Sugar industry has a social component, benefiting sugarcane workers. Through the Social Amelioration Fund (SAF), a lien is imposed on the volume of sugar produced. This fund is shouldered by sugar planters and millers and collected by the Bureau of Rural Workers. The benefits for the sugarcane workers under the lien include cash bonus, death benefit, maternity benefit, educational grant and livelihood projects.

Research & Development (R&D)[edit]

The sugar industry funds its own research, development and extension programs through the Philippine Sugar Research Institute Foundation, Inc. (PHILSURIN) with aim to develop high yielding cane varieties. The Philippine government, through SRA, provides the extension efforts in partnerships with the Mill District Development Councils (MDDC). PHILSURIN assists this initiative through the hiring of Mill District Coordinators and financial support to many programs of the MDDC.[8]

Energy Development[edit]

The sugar industry is now among the forefront of alternative and renewable energy sources which include biofuel through bioethanol production and co-generation activities.[9]

Sub-sectors[edit]

The sugar industry has two major sub-sectors: the farming sub-sector and the milling sub-sector.

Farming Sub-sector[edit]

There are at least 11 regions/19 provinces that produce sugarcane in the nation. A range from 360,000 to 390,000 hectares are devoted to sugarcane production. The largest sugarcane areas are found in the Negros Island Region, which accounts for 51% of sugarcane areas planted. This is followed by Mindanao which accounts for 20%; Luzon by 17%; Panay by 07%; and Eastern Visayas by 04%. It is estimated that as of 2012, the industry provides direct employment to 700,000 sugarcane workers spread across 19 sugar-producing provinces.[10]

Milling Sub-sector[edit]

As of Crop Year 2012-2013, 29 mills are operational divided as follows: 13 mills in Negros, 6 mills in Luzon, 4 mills in Panay, 3 mills in Eastern Visayas and 3 mills in Mindanao.[2]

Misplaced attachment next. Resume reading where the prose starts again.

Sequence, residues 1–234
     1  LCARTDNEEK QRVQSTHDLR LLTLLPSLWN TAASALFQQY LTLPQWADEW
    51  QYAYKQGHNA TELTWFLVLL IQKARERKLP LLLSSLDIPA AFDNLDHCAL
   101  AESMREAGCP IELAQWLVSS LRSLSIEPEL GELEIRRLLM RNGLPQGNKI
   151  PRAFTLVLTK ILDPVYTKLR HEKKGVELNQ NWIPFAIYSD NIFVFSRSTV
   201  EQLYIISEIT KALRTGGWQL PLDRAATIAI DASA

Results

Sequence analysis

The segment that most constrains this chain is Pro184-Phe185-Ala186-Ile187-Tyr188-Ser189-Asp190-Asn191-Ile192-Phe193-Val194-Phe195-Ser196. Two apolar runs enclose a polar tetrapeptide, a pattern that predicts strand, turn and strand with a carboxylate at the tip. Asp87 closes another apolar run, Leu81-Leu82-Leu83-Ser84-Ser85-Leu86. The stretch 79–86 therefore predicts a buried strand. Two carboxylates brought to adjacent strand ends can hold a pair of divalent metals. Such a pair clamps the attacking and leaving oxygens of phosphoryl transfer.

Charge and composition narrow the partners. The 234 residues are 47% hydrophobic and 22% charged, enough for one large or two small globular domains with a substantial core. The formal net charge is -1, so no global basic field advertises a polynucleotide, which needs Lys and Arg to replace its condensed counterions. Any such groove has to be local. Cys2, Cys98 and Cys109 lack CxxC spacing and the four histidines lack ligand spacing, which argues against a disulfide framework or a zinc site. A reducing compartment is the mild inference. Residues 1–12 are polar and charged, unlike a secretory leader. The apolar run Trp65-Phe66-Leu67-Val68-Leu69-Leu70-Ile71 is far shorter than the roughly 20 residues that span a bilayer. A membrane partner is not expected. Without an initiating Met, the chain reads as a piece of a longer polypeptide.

Trucks delivery of sugarcane

Negros (13 mills)

  • Aidsisa
  • Bais-Ursumco
  • CAB -Bais
  • Biscom
  • Dacongcogon
  • First Farmers
  • Hawaiian-Philippines
  • La Carlota
  • Lopez
  • Ragasa F.C.
  • Sagay
  • Sonedco
  • Tolong (Teves)
  • Victorias

Luzon (6 mills)

  • Cagayan Sugar Mill Company (Piat, Cagayan)
  • Sweet Crystals Integrated Sugar Mills (Pampanga)
  • Central Azucarera de Tarlac (Tarlac)
Central Azucarera de Tarlac
  • Batangas Sugar Central Incorporated (Balayan, Batangas)
  • Central Azucarera Don Pedro (Nasugbu, Batangas)
  • Peñafrancia Sugar Mill (Peñafrancia, Camarines Sur)

Panay (4 mills)

  • Passi
  • Santos Lopez
  • Monomer
  • Capiz Sugar Central, Inc. (President Roxas, Capiz)

Eastern Visayas (3 mills)

  • Bogo-Medellin
  • Durano
  • Kananga Sugar Mill (Ormoc, Leyte)

Mindanao (4 mills)

  • Bukidnon Sugar Company
  • Crystal (Maramag, Bukidnon)
  • Davao Sugar Central Company (Hagonoy, Davao del Sur)
  • Cotabato Sugar Central Company (Matalam, North Cotabato)

See also[edit]

References[edit]

  1. ^ "ESS Statistics". FAO.  Food and Agricultural Organization of the United Nations, Retrieved on 2013-05-31.
  2. ^ a b "Sugar Industry Historical Statistics". Sugar Regulatory Administration. Retrieved 2013-05-31. 
  3. ^ a b c d e f g h i j k l m n o p q "Sugar Industry History". Sugar Regulatory Administration. Retrieved 2013-05-31. 
  4. ^ http://oasis.lib.harvard.edu/oasis/deliver/~bak00140
  5. ^ Meier, G.M. (2001). “The Old Generation of Development Economics and the New.” In G. Meier and J. Stiglitz (Eds.), Frontiers of Development Economics: the Future in Perspective (pp. 13-50). Oxford: Oxford University Press.
  6. ^ Master Plan For the Philippine Sugar Industry. Sugar Master Plan Foundation, Inc. 2010. pp. 4–6. 
  7. ^ Master Plan For the Philippine Sugar Industry. Sugar Master Plan Foundation, Inc. 2010. p. 5. 
  8. ^ Master Plan For the Philippine Sugar Industry. Sugar Master Plan Foundation, Inc. 2010. pp. 5–6. 
  9. ^ Master Plan For the Philippine Sugar Industry. Sugar Master Plan Foundation, Inc. 2010. p. 6. 
  10. ^ Master Plan For the Philippine Sugar Industry. Sugar Master Plan Foundation, Inc. 2010. pp. 4–7. 

External links[edit]